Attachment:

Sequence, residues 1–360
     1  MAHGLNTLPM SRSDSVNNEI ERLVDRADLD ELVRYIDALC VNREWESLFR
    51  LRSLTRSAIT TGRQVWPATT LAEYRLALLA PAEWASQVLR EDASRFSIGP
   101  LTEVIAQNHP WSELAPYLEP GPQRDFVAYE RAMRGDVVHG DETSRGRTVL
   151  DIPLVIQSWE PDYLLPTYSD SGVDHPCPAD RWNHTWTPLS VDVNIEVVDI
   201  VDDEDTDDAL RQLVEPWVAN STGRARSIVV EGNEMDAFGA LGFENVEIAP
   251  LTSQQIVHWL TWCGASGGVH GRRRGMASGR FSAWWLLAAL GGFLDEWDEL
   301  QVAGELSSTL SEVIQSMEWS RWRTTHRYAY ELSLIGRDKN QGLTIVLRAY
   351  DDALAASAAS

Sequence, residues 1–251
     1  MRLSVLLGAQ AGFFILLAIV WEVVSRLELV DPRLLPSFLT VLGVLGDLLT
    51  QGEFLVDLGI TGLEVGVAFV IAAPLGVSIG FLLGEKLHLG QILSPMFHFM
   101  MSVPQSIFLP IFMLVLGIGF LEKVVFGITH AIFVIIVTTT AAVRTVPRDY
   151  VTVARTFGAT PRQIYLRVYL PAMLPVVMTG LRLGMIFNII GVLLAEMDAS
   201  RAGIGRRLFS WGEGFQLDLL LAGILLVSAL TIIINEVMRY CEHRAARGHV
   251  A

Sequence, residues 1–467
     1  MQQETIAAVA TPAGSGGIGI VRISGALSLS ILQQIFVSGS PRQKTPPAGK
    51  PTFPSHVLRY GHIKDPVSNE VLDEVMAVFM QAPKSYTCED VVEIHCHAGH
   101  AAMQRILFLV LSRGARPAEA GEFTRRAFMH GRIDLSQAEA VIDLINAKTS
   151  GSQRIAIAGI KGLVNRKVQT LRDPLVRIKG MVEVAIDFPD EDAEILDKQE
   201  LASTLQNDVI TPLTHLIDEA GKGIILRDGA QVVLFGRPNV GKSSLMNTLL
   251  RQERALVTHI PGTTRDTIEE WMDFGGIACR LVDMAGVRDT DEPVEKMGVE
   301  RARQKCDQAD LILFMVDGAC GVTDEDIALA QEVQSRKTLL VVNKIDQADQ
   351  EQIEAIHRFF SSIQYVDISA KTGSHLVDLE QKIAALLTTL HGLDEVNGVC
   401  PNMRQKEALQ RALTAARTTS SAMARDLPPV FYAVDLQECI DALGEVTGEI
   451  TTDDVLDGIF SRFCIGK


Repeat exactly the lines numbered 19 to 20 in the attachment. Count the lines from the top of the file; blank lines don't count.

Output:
    51  PTFPSHVLRY GHIKDPVSNE VLDEVMAVFM QAPKSYTCED VVEIHCHAGH
   101  AAMQRILFLV LSRGARPAEA GEFTRRAFMH GRIDLSQAEA VIDLINAKTS